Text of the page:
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Optimal management of the rare Gladiolus imbricatus in Estonian coastal meadows indicated by its population structure

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Abstract:

Questions: What is the best grassland management regime for the threatened plant species Gladiolus imbricatus; is the stage structure of local populations a feasible indicator of the effect of changed management.

Location: Coastal meadow system in southwestern Estonia.

Methods: The effect of five management regimes was studied in a long-term (three-year) field experiment: (1) mowing in late July, (2) grazing by cattle, (3) grazing by sheep, (4) sheep grazing during the first year and mowing during subsequent years, (5) no management (control).

Results: The population density increased significantly in response to the mowing treatment and to the mowing after sheep grazing treatment. The proportion of grazed plant individuals was higher in the sheep-grazed than in the cattle-grazed treatment. Generative and vegetative adult individuals of G. imbricatus were significantly more damaged by cattle herbivory than juveniles. All management regimes shifted the population structure towards a dynamic state where juvenile stages dominate, while the not managed control retained a regressive population structure.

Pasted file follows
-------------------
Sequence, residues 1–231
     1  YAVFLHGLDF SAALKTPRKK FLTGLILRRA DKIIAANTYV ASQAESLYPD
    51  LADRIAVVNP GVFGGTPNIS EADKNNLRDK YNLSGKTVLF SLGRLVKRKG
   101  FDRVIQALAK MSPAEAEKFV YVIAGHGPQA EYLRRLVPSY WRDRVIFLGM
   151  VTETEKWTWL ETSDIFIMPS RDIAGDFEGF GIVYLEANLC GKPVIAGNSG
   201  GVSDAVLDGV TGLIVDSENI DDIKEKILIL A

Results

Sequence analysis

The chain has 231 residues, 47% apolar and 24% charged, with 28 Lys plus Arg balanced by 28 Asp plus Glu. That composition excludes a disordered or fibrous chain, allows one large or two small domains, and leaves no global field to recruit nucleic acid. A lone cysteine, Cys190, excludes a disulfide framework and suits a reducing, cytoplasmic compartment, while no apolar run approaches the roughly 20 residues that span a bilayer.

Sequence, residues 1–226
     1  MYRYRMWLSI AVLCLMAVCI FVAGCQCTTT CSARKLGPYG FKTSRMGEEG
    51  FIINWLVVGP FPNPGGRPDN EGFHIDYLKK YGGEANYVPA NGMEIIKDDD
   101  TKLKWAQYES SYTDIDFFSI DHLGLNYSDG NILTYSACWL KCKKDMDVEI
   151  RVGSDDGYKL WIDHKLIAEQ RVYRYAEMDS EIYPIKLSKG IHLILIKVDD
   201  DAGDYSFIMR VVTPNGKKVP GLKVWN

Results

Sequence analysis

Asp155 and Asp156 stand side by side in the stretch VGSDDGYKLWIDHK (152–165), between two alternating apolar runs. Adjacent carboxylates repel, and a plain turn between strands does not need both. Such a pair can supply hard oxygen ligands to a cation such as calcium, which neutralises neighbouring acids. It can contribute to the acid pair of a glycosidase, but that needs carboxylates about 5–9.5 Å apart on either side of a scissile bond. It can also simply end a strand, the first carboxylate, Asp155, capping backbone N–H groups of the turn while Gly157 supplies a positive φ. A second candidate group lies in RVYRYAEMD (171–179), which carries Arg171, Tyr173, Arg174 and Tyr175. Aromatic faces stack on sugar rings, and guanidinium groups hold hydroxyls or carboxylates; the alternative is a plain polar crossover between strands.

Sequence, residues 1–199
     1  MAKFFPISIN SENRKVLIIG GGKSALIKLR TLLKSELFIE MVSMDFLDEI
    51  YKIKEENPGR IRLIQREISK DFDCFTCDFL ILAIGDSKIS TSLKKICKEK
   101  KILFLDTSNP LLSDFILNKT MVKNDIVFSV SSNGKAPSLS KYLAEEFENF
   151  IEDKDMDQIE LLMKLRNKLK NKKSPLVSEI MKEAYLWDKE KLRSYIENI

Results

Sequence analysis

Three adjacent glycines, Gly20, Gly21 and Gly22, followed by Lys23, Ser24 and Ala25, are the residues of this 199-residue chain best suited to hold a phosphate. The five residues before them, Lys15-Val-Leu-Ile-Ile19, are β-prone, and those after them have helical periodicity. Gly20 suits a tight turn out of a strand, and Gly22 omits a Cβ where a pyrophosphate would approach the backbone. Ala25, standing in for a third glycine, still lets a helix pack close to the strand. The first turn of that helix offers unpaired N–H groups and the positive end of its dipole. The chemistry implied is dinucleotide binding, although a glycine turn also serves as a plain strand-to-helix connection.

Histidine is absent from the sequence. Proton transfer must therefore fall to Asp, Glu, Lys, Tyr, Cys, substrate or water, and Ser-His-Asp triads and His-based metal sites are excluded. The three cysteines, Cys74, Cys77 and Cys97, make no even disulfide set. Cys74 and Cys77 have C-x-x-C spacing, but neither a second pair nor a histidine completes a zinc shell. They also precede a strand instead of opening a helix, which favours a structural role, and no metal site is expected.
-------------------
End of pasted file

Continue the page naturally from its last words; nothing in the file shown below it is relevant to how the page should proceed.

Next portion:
Conclusions: Population stage structure was a useful indicator of different management conditions, even in the case where population density did not differ. As indicated by population stage structure, the best management regime for G. imbricatus was either mowing in late July only, or alternation of grazing and mowing in different years.

Keywords: GRASSLAND MANAGEMENT; GRAZING; LIFE-NATURE PROGRAMME; MOWING; POPULATION DYNAMICS; RESTORATION

Document Type: Research Article

Publication date: September 1, 2007

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